Pet Debt: The Hidden Costs of Pet Ownership

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Pets need a lot more than just food and water. Check out the pet costs most people don't think of so you'll be ready to cover the bill.Image source: Getty Images.

It's no surprise why people get so attached to their pets. They're cute and hilarious, hence why pet videos are so popular on YouTube. They're perfect for providing companionship. They basically become your children, only better, because they're a different species.

What many people don't consider before they decide to adopt that new companion is the true price tag of their pet. The reality is that one pet could cost you more than $10,000 over the course of its lifespan, and much of that will come from hidden costs you may not have thought about.

Whether you're considering getting a pet or you already have one, it's important to be aware of all the potential costs that could come your way.

What it really costs to own a pet

These pet costs will focus on cats and dogs, since those are undoubtedly the most popular animals people keep as pets. If you have a bird, lizard, rabbit, or other type of pet, your costs will vary.

How much does a cat cost? -- According to PetFinder, cat costs typically range from:

  • $405 to $2,285 for the first year
  • $340 to $1,825 for every year thereafter

How much does a dog cost? -- Dogs are similar to cats in terms of costs, with PetFinder reporting the standard range as:

  • $395 to $2,455 for the first year
  • $326 to $1,967 for every year thereafter

Again, that covers basic costs, including food, vet visits, vaccinations, toys, a collar and leash, a bed or crate, and preventative medications.

Now, the lower ends of these estimates are essentially the bare minimums for keeping your pet reasonably happy and healthy. You may find that you spend more on pet toys and higher-quality foods. After all, you want your loved one to stay healthy for as long as possible. These estimates also don't include some pesky hidden costs.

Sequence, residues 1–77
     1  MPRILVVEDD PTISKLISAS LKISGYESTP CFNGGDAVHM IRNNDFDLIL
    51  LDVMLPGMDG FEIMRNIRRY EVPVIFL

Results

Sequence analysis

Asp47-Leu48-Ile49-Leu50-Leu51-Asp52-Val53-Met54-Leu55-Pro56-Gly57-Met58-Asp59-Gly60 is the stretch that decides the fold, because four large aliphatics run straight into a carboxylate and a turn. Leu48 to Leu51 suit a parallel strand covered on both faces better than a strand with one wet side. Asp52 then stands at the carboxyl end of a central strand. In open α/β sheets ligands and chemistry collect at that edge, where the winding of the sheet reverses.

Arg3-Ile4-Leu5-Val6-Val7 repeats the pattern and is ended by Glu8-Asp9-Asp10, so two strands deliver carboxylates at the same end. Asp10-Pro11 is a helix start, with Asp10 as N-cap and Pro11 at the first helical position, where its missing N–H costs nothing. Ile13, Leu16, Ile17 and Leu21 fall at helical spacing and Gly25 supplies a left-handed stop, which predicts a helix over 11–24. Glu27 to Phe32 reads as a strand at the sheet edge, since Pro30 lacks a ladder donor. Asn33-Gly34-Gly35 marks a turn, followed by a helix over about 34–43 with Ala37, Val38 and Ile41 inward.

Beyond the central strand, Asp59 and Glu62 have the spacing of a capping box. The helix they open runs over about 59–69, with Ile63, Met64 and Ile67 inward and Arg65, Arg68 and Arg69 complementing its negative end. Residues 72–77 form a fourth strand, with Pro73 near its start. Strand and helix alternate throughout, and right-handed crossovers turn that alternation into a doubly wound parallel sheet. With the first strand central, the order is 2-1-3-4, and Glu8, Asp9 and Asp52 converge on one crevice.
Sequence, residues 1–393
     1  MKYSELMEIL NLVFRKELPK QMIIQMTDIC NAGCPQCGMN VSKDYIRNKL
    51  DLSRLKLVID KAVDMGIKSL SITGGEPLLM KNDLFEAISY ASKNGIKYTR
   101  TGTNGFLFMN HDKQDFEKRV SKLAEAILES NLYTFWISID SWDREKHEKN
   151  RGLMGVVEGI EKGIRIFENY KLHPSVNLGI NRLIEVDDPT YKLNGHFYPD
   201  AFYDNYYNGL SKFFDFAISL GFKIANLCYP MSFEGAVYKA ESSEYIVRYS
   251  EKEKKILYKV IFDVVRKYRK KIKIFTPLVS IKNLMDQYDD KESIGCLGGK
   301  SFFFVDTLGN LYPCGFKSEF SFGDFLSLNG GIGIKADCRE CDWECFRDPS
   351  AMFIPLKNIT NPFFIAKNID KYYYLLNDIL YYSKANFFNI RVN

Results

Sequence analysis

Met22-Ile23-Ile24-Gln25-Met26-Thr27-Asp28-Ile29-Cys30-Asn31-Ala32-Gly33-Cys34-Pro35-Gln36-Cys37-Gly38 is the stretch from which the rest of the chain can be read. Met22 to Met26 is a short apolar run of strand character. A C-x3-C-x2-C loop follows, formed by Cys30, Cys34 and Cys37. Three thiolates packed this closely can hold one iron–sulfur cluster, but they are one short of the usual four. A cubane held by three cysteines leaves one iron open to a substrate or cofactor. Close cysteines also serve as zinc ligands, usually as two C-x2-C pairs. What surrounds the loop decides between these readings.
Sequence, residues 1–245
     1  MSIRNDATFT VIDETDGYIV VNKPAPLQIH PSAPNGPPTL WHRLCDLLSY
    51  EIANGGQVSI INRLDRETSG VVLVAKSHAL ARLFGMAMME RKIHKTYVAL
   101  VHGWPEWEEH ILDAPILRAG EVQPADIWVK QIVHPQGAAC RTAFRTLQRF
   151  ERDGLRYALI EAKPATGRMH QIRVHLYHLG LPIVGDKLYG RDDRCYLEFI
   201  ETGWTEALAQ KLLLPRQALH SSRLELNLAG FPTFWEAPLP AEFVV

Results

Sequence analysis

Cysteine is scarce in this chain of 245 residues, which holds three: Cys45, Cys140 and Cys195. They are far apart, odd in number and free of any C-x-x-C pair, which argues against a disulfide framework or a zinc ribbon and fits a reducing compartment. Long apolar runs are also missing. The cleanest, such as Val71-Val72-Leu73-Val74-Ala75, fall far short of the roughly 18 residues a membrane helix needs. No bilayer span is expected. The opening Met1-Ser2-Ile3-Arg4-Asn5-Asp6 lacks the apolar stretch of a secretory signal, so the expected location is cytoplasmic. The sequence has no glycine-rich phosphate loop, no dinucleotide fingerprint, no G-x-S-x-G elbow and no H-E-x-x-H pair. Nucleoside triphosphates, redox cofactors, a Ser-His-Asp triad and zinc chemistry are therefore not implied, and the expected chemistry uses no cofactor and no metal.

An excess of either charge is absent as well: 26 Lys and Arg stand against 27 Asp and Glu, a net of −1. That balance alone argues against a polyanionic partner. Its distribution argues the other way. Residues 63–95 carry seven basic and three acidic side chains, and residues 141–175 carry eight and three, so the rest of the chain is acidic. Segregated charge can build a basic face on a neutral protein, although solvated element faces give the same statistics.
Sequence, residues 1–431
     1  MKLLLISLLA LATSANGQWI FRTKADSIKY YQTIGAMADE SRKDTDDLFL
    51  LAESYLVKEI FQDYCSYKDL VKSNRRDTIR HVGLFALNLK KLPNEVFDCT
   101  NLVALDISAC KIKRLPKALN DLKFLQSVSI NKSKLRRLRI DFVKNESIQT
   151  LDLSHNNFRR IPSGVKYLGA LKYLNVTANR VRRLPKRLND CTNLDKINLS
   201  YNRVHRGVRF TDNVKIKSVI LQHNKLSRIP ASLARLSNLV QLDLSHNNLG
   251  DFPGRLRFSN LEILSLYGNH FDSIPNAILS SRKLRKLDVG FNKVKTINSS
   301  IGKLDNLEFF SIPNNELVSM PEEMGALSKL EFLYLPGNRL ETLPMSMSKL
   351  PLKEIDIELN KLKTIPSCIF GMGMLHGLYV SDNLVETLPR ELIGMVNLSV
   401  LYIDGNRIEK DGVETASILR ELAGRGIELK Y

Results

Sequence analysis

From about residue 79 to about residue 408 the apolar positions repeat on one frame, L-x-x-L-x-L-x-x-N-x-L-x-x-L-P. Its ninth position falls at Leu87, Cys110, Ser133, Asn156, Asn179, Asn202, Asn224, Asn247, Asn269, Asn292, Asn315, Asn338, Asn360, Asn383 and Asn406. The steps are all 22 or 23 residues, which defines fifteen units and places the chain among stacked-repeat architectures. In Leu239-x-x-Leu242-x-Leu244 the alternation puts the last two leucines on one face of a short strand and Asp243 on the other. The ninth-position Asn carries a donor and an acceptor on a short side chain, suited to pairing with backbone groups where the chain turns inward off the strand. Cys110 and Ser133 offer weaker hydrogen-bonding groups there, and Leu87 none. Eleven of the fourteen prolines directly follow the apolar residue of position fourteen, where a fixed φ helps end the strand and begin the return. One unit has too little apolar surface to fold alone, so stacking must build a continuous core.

The hidden costs of pet ownership

We've gone over the basic yearly costs, but in all likelihood, there will be other expenses you incur with your pet.

Let's start with the biggest -- medical problems. These are often "out of sight, out of mind" when your pet is in its prime, but pets of all ages can incur hefty medical bills. An illness, an accident, or a fight with another animal could all end up costing you quite a bit at the vet.

Just how much can medical bills for your pet cost you? Here are the average costs of a few common treatments, courtesy of Trupanion:

  • Fractured pelvis from being hit by a car -- $3,717
  • Chemotherapy for cancer -- $5,351
  • Surgery to remove foreign object that pet ate -- $2,964
  • Surgery and medications for hip dysplasia -- $7,815
  • Medications and blood tests for diabetes -- $10,496

In addition, there are other extra costs that pet owners often don't think about, such as:

  • Extra rental costs -- For renters, your landlord could want a pet deposit, and some places even charge pet rent (my thoughts on those types of places aren't fit to print).
  • Petsitters -- Going on a trip? Petsitters can cost between $15 and $40 per day, making a two-week trip from $210 to $560 more expensive.
  • Flying with a pet -- If you're moving or you just want to take your pet with you on a vacation, most airlines charge a minimum of $100 each way to travel with your pet.
  • Grooming -- Some pets won't need any grooming other than simple things you can do on your own, but for dogs or cats that need it, the typical cost is anywhere from $30 to $100.

How to budget for pet costs

Avoiding pet debt is just like staying out of any other type of debt. You need to anticipate the expenses you could have and start preparing for them ahead of time instead of waiting until you're under the gun.

Here's how to do that:

1. Open your pet fund.

The smartest way to do this is to open a new bank account. Then there's separation between your pet fund and the rest of your money, which is a good reminder that the pet fund is off-limits for everything but pet-related expenses.